On July 2, 2014 the Centers for Medicare & Medicaid Services (CMS) released its annual proposed rule on dialysis payment and quality. This week, we address changes to the payment and its effect on patients’ access to dialysis. Next week, check back as we discuss proposed changes to quality measures that facilities are judged on.
As expected, CMS proposes to keep payment for dialysis services relatively flat in 2015. However, proposed changes to how CMS calculates annual updates to payment will result in a cut to rural dialysis facilities by half a percent next year and likely another half percent in 2016. This is because CMS is proposing to use more recent information on dialysis facility costs to determine how much they should be paying dialysis facilities.
In previous years, CMS used 2008 cost information, but facility costs have changed in recent years. In 2011, Medicare payment for dialysis services, staff wages, and drugs were bundled together into one payment. According to CMS, dialysis facilities are now spending less on drugs, but more on staff wages than in 2008. Therefore, CMS is proposing to weigh payment more heavily on staff wages and reduce the weight on drugs.
Impact on Rural Dialysis Facilities
While basing payment on more recent costs may be a fairer way to control federal health care spending, it will result in lower payments to facilities in areas where wages are typically lower and a small increase to dialysis facilities in areas where wages are higher. Wages are typically lower in rural areas because the cost of living is also less. Unfortunately, on average, rural facilities are already losing money on treatments for patients who have only Medicare and/or Medicaid as their insurance. Some dialysis providers have indicated that in the face of flat and declining payments by Medicare, Medicaid and even by some private insurance companies, they may decide to close some of their clinics that are losing money.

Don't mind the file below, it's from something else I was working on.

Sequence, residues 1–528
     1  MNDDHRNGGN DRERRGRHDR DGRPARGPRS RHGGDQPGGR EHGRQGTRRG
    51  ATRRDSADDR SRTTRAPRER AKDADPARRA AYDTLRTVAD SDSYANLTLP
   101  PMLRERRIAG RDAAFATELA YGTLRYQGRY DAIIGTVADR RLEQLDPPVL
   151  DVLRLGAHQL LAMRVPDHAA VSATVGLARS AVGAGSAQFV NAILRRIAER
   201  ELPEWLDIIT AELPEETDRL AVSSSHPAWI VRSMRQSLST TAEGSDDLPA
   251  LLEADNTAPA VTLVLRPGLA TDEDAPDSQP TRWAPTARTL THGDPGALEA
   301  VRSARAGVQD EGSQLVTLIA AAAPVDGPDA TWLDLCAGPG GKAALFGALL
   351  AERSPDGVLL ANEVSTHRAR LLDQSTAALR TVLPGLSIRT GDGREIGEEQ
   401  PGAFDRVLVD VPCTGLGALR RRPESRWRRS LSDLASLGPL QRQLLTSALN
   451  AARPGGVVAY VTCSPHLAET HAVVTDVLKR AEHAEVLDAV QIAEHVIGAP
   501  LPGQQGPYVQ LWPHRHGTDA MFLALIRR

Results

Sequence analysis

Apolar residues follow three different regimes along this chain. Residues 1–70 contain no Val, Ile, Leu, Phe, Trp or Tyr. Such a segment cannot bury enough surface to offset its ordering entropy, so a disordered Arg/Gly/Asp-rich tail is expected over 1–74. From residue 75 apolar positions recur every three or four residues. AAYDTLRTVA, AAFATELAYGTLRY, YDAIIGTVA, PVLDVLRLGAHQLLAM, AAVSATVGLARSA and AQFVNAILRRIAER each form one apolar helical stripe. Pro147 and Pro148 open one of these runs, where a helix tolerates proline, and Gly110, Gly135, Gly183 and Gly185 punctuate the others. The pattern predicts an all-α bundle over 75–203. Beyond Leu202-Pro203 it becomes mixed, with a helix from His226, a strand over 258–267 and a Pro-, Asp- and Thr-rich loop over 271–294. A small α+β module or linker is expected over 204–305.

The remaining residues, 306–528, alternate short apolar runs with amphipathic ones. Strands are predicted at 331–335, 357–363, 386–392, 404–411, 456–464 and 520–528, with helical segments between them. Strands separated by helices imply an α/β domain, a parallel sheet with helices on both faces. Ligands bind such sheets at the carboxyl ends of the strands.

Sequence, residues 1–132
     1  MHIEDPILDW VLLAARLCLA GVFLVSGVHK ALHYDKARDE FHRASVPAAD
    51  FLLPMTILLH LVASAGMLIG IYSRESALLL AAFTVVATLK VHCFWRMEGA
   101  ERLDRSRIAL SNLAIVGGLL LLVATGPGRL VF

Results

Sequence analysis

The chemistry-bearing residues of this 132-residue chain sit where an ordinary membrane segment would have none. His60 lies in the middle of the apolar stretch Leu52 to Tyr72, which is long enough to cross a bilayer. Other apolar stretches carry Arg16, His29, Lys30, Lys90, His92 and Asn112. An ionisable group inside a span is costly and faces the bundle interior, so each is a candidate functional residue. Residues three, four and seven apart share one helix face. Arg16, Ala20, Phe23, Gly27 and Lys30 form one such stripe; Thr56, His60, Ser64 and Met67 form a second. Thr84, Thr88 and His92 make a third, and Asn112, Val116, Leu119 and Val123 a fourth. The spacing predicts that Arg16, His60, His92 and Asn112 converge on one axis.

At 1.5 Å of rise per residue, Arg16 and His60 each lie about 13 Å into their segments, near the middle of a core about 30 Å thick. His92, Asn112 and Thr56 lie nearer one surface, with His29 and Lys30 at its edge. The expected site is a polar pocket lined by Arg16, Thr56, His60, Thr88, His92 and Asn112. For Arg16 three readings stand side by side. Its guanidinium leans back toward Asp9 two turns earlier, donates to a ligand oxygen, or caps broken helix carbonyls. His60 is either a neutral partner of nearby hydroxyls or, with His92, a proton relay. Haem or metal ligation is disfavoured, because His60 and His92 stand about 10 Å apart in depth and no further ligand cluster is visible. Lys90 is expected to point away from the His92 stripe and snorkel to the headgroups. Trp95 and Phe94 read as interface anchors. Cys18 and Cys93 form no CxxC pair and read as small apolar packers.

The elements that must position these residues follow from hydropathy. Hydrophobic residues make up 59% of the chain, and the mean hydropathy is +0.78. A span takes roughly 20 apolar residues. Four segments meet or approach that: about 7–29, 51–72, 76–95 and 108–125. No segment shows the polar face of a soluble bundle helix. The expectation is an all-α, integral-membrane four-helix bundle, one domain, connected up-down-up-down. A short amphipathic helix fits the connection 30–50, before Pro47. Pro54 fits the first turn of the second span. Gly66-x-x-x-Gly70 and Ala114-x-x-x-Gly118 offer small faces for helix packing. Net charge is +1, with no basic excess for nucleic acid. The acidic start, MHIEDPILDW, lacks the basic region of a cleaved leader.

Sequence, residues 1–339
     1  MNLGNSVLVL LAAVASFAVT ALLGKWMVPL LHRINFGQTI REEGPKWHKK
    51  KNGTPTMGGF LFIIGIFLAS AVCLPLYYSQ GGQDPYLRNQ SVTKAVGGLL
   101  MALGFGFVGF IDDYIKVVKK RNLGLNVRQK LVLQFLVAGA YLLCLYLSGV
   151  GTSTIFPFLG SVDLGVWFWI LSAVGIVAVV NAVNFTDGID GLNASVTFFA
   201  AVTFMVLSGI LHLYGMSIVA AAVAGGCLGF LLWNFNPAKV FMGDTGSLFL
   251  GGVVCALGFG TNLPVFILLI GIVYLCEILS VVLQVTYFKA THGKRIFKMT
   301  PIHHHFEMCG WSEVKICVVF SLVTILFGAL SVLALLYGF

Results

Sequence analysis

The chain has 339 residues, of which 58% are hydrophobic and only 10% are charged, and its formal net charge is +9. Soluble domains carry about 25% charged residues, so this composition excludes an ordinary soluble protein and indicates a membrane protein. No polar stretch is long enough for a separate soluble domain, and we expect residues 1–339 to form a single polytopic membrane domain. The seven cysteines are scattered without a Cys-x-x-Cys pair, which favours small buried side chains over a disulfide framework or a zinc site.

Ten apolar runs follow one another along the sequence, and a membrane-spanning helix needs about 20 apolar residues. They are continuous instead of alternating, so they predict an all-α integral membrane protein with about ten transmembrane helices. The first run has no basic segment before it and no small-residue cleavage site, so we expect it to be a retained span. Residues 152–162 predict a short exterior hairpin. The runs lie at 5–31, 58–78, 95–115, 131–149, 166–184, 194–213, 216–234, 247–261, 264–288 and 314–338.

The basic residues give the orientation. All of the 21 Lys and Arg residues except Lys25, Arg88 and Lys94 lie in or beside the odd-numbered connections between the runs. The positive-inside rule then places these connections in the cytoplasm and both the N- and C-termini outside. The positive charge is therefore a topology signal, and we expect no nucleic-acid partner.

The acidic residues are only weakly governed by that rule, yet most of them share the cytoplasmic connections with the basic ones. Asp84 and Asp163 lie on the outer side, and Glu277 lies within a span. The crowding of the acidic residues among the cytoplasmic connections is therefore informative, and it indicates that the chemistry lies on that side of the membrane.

While we expect overall access to dialysis facilities to remain stable in the near term, the National Kidney Foundation is concerned that providers may decide to close clinics that are in rural areas, causing patients in those areas to have to travel even further to obtain dialysis care. Longer travel times for dialysis have been associated with an increase in death and hospitalization because patients are more likely to miss treatments when they have more challenges getting to dialysis. CMS is giving the public 60 days to comment on the proposed rule. Over the next several weeks, NKF will evaluate the impact of the proposed rule on patients’ access to care; particularly in rural areas. We will then offer recommendations on how CMS can modify its proposal to make sure that patients are able to receive high quality dialysis care near their homes.
How far do you have to travel to dialysis? Do you consider this to be a burden or do you frequently encounter difficulties getting to your scheduled appointment? Share your comments below.